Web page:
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^Probably not unless you were a rebuilder for the Frito Lay trucks.
I was thinking it might be possible to replicate as another option for putting AC in on a swap, thus wondering if he might have found part numbers on the alt. pulley, alternator (that has the bigger shaft to support said pulley), etc.
 

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Discussion Starter · #7 ·
I'll try to see if I can find the paper I wrote down the stamped part number on. If not, I have the contact info of the guy that worked on the alternators for Frito Lays.

http://www.aaaalternators-starters.com/
 

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Add this to the FAQ please :D
Ha ha, it was already done before your request! ;)

Additional information, there are "flat ring spacers" that will shim the shaft diameter from the smaller size to the larger pulley size. They look like steel wedding rings. I discovered them years ago when I was an alternator rebuilder. I would imagine they are still available.
 

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Discussion Starter · #10 ·
I asked the guy at NAPA about spacers but he said he didn't have any available.

Also, it looks like the thicker shaft is also a little longer than the conventional 10SI alternator due to the added length of the dual pulley.
 

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The spacers probably a rebuilder sourced item. I fabricated a 10SI from parts and have it mounted on a 6BT. I will attach a pic as soon as I have a bit of free time. The pulley was a standard 8 groove .670" bore but I had to use a spacer to shim the pulley forward for the correct belt alignment. This results in a small gap between the rear of the alternator pulley and its fan. It worked with the standard length 4BT CPL 858 belt. I think the rotor shaft length may be the same in both diameters. Different depth pulleys can give an optical illusion because of the lengths involved. I would have to measure a few before confirming this.
 

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Discussion Starter · #12 ·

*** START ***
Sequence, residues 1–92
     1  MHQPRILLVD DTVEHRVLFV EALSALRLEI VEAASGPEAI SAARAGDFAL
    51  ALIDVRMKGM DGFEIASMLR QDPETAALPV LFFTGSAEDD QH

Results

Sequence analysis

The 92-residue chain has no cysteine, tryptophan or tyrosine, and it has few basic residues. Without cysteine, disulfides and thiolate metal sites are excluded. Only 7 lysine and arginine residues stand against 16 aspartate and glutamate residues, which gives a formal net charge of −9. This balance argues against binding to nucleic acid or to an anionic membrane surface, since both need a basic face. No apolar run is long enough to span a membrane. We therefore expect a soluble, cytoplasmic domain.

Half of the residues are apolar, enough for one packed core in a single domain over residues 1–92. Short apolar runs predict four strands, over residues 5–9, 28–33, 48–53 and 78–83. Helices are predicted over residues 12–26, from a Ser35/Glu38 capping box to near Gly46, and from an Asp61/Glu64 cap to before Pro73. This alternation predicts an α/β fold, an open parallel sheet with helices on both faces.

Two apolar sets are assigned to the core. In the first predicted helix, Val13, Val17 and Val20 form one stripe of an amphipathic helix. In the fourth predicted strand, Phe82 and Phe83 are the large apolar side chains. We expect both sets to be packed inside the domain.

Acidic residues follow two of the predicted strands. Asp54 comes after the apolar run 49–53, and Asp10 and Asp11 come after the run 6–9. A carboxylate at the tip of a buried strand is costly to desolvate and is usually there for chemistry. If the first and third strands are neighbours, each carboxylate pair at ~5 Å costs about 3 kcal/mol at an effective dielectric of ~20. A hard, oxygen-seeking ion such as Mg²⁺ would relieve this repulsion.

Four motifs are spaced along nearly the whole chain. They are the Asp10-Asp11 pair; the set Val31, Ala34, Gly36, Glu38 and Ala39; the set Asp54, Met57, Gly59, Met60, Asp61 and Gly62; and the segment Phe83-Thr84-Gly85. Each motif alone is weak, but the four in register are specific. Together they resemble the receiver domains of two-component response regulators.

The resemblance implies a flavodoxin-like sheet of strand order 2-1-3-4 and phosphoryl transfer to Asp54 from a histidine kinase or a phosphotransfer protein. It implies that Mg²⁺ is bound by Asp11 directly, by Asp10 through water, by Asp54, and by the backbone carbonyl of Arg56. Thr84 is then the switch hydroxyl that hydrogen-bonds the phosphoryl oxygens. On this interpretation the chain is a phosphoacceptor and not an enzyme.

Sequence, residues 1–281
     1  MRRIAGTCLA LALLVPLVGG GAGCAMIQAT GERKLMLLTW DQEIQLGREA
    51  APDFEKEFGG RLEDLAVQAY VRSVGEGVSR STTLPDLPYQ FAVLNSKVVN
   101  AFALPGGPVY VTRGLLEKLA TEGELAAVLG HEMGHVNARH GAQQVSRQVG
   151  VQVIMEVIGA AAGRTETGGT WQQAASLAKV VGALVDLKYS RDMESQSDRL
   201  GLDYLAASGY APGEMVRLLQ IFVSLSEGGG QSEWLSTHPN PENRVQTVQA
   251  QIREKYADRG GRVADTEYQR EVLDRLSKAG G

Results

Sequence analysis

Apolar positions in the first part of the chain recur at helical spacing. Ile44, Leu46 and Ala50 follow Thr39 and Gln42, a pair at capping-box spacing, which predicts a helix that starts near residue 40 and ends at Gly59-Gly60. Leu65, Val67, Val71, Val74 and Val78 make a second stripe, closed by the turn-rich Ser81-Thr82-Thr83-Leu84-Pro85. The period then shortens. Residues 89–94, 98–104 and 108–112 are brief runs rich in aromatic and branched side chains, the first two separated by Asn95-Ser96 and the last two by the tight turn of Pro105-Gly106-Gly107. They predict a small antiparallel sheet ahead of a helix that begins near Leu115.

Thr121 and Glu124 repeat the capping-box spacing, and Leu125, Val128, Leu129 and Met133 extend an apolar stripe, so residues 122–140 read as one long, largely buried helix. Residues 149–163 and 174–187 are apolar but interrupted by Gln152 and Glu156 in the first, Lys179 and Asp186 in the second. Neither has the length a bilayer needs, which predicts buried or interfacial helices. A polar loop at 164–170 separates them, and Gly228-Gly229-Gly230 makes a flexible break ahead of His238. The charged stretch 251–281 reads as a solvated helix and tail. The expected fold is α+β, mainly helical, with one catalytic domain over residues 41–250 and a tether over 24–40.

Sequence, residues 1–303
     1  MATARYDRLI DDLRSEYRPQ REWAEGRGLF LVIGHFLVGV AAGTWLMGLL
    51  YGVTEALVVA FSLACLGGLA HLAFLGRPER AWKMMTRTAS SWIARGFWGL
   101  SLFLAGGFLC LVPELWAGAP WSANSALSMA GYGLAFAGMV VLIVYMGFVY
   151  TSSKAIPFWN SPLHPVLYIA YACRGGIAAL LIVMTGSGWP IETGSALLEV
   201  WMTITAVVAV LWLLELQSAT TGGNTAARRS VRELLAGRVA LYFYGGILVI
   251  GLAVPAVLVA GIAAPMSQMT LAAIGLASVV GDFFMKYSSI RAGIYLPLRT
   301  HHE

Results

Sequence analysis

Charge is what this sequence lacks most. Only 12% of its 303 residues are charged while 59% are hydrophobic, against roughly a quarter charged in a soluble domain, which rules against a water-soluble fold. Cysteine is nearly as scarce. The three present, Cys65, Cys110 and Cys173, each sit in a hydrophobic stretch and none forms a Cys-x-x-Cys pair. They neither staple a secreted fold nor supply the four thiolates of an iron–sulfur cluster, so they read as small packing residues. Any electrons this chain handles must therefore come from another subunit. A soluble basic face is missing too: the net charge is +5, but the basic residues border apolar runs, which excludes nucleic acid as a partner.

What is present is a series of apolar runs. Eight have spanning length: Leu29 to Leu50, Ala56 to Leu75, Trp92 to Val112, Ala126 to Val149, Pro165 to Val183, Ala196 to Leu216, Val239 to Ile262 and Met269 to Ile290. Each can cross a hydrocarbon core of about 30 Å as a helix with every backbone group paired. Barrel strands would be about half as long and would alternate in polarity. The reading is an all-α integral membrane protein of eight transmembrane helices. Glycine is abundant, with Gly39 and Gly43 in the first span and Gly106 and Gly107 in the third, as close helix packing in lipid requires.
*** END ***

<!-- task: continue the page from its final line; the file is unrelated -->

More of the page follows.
Oh..yeah, I had a ring spacer on mine as well. I thought you were initially talking about a shaft adapter of some sort that would let me use my larger diameter pulley with the smaller diameter shaft.
 

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I thought you were initially talking about a shaft adapter of some sort that would let me use my larger diameter pulley with the smaller diameter shaft.
I thought that is what he was talking about.

ALL gm alternators use the ring between the pulley and the bearing, or else it won't spin when the nut is tightened.
 

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Ok, let me show what I'm talking about. Using "rounded dimensions" this is a pulley with an .875" bore setting on a .670 shaft. There is no way this is going to work at this point.
 

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Then what you have to do is get the right combination put together to fill the bore of the pulley and to space the fan and the pulley in the right location. Now the pulley becomes centered on the smaller shaft.
 

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Ok, let me show what I'm talking about. Using "rounded dimensions" this is a pulley with an .875" bore setting on a .670 shaft. There is no way this is going to work at this point.
Well, I'd call what would go in there a sleeve..

But that's just me.
 

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It acts as a sleeve but the trade names in the catalogs refer to them as:
"Drive end spacers"

Fan spacer;

Pulley spacer;

Rotor spacer

Those are the names I used whenever I was ordering them. ;)